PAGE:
Now vs. tomorrow
Financial planning is always a balance (nay, compromise) between living for today and preparing for the future -- even if that future may not occur. Saving for retirement or college, buying insurance, avoiding or incurring debt even for "investments" such as an education or a home -- whether you're doing the right thing is never certain. The best we can do is make prudent assumptions and have a Plan Bin case the assumptions turn out to be wrong. As for how long you'll live, you can fiddle with this longevity calculator. It can't predict your date of death, but it's interesting to see which factors increase or decrease projected lifespan.
Finally, I'll leave you to ponder this quote from Mohandas Gandhi: "Live as if you were to die tomorrow. Learn as if you were to live forever."
More on Get Rich Slowly and MSN Money:
- Turn paranoia into Plan B (because things might get worse)
- How Wall Street eats a third of your savings (and makes you work longer)
- Risk-a-Palooza: All that can go wrong and how to prevent it
- Smart Spending on the go: Get our app for Android or iPhone
- When should you tap your IRAs?
- Retirement planning if you're broke
"I think about it quite a bit, not because I'm morbid, but because it's one of the important variables in the calculus of retirement planning."
What a sad way to live...if you want to call this "living".
Talking about a path
is not walking that path.
Thinking about life
is not living.
Go out & live, dude...quit chasing the f*cking $$$
My Father is 91 .. has a birthday on 12/31.
Lives by himself, has a GF for the last 20 yrs. Just got his drivers license renewed for another 2 yrs. Uses the Internet daily. goes out of the house everyday.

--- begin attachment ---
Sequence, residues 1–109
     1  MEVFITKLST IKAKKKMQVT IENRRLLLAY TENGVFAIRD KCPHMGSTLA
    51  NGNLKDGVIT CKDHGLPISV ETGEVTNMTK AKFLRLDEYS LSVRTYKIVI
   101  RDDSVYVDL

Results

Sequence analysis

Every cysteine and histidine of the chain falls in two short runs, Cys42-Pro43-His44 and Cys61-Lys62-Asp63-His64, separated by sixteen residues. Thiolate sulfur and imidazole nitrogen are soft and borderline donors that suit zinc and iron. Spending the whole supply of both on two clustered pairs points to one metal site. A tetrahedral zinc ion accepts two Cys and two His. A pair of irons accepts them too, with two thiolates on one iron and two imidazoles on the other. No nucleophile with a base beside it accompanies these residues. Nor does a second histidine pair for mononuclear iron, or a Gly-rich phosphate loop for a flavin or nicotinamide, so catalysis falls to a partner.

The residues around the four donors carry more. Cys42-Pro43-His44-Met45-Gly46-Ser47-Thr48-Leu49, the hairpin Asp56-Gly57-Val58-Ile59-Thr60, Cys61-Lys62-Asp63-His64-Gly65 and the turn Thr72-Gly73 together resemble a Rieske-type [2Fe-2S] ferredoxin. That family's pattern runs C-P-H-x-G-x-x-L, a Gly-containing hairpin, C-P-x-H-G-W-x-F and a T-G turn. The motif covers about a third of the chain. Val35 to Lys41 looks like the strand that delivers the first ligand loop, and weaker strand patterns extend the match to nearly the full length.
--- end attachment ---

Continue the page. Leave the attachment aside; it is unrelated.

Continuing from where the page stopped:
While he has had this and that to deal with health wise, dont even begin to think he isnt enjoying himself. He has been collecting SS for almost 27yrs > not the kind of People Obama and most Dems like to have around > well unless it is them of course
I think we are all seeing a "how not to retire" real life drama play out now. First, giving all of your life savings to an organized financial cartel is crazy. Since 1999, we've been stuck in a rut caused mostly by wage-earners with 5th grade educations who anticipated some Camelot existence after coasting through a boom momentum period. We will never again know a housing market that hyper appreciates abnormally because of the Tax Reform Act of 1986, or investment results that are what they are because of the Gramm Leach Bliley Act that barred direct regulation and supervision to banks. It's also completely obvious that once we surpass this era of delusional control and manipulation... we will have one Hell of a bill to pay.
As someone victimized by the Mass-Terminations of 2007-08 and now a small business owner, I won't be putting my eggs in one or two baskets and I won't stop being some form of entrepreneur. The idea of retirement (Camelot) was created by Madison Avenue to sell you Kool Aid. It worked. The majority reach retirement age having no self-sufficiency abilities at all. The 80+ year olds out here did. They know what it is like to have had nothing or a rug swept out from beneath them. The current generations that worked primarily through the Clinton Era and into the Bush Kool Aid Era are in for a shock... moving paper and pressing buttons are dead-ends. I'd rather know now how to grow a really expensive tomato in a hydroponic container or obtain really expensive alternative energy from some fledgling device, then to rely on apps that erase brain matter.
I still climb stairs and walk all I can. I still cook rather than microwave and yea... I spend more on a garden vegetable than I could otherwise pay for it in a grocery store, but I do these things to stay sharp and self-reliant. Can YOU say the same?
I thought this issue is what annuities were for?
For all the faults of Social Security, that's the one good thing about it. It has an imbedded insurance feature so you collect until you die. There is no shortfall, and equally important, no surplus.
Most people trying to manage a lump of money for life support, no matter how big or small it is, end up wasting a portion of it that is left over when they die.